Sunday, December 19, 2010

Photographer captures glowing 'solar spike' on freezing winter morning

Like a giant laser striking the Earth from space, this image looks like the first attack in an alien invasion. But this remarkable image is a rare and natural phenomenon called a solar spike - caused by wintery ice crystals in the Earth's upper atmosphere refracting light from the sun.

Father-of-two Randy Knauf, 51, an amateur photographer from Allegan, Michigan, spotted the amazing sight as he traveled to work last week and jumped out of his car to capture the moment on camera.

A solar spike seen on the morning of December 7th in Allegan, Michigan. The sight id caused by wintery ice crystals in the Earth's upper atmosphere refracting light from the sun.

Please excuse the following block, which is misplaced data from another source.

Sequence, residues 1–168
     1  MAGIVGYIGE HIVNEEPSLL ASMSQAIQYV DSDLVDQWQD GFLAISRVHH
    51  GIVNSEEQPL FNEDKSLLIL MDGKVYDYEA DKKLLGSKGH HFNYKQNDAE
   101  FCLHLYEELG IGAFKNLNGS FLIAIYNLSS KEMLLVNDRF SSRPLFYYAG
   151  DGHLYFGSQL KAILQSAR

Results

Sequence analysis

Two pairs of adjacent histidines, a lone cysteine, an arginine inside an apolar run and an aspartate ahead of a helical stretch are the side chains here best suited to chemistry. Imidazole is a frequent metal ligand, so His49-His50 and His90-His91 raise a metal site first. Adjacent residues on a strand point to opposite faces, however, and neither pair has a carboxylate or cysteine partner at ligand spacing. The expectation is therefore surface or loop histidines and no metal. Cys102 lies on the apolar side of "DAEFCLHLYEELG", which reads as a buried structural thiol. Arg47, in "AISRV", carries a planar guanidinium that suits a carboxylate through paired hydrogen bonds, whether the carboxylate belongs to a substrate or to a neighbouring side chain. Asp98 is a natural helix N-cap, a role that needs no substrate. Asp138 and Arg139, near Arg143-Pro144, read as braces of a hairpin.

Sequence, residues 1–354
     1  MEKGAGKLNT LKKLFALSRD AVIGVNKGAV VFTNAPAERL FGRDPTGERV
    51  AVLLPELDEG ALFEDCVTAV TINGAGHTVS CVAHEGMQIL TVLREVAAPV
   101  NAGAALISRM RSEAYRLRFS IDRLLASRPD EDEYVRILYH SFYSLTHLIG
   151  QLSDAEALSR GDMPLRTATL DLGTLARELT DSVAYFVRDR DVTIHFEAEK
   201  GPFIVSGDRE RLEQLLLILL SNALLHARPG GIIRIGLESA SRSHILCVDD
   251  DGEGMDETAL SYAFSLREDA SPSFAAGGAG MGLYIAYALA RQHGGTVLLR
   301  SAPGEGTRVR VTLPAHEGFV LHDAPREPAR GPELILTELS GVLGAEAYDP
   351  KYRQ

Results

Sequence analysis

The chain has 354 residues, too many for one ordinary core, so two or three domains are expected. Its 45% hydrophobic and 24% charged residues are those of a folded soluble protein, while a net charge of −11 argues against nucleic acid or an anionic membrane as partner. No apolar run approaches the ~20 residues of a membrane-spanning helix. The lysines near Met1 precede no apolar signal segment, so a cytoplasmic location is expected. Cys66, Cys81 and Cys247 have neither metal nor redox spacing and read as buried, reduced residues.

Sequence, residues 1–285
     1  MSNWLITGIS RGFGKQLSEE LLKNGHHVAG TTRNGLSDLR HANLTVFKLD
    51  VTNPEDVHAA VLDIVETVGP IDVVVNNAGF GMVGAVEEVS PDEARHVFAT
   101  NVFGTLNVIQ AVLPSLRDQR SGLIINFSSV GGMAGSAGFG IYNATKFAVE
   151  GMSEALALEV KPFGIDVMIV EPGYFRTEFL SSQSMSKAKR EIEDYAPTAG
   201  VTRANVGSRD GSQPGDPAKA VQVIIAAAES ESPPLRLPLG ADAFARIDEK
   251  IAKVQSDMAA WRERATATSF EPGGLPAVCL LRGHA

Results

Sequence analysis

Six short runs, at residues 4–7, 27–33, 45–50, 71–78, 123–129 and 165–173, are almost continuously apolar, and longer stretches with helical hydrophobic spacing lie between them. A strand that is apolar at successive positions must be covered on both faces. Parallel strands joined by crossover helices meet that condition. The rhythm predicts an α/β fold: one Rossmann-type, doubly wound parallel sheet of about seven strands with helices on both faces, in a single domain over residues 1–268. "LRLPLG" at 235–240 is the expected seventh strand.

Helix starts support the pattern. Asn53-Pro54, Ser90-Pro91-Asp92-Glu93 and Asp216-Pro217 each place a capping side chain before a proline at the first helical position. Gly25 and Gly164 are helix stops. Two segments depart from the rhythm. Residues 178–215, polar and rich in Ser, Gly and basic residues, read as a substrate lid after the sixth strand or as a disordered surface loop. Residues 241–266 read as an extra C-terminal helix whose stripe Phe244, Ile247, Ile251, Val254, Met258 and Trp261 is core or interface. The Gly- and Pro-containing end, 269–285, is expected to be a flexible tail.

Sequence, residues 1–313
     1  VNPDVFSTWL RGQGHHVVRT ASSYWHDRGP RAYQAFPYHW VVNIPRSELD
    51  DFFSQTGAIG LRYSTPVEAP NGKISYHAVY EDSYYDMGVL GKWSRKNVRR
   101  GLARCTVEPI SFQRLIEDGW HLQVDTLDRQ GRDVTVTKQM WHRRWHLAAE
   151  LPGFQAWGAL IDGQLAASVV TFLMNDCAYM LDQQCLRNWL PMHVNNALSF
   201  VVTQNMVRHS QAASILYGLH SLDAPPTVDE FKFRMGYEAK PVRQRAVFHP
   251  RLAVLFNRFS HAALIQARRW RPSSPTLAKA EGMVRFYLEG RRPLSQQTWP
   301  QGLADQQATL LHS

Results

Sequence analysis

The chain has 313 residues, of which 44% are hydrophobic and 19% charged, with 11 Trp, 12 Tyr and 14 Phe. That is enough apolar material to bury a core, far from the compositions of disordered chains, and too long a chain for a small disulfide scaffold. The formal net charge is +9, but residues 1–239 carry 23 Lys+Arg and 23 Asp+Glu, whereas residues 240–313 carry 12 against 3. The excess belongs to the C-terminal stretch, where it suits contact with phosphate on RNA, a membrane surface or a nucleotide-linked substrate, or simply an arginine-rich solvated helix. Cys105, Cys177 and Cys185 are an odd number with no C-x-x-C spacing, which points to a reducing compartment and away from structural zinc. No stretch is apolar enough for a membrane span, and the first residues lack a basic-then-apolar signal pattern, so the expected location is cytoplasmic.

Baffled by the strange vision that lasted for 10 minutes, he asked a friend - a local TV weatherman - to explain and learned it was a 'solar spike'. In the UK the phenomenon is also known as a sun pillar and is a vertical column of light above and sometimes below the sun.

It is caused by the reflection of sunlight from ice crystals and is most often observed at sunrise or sunset when the sun is low to the horizon.

Mr Knauf said: 'He told me they happen only when the upper atmosphere of the planet is very still and cold, at sunset or sunrise, and in areas where there is a lot of moisture up there but not enough to make clouds.'

'In Michigan we have the Great Lakes, which gives us the moisture, and it's extremely cold at the moment.'

Describing the moment, he added: 'I had just rounded a curve and was looking directly into the sunrise when I noticed the solar spike. 'The Great Lakes contain one fifth of all of the fresh water in the world, so we have a lot of moisture in the air here.

'It lasted for about 10 minutes after I shot this image and it was a beautiful and bizarre thing to see. I'm not certain how long the effect was taking place prior to my seeing it, bu

t I'm told they stay for around 15 minutes maximum.

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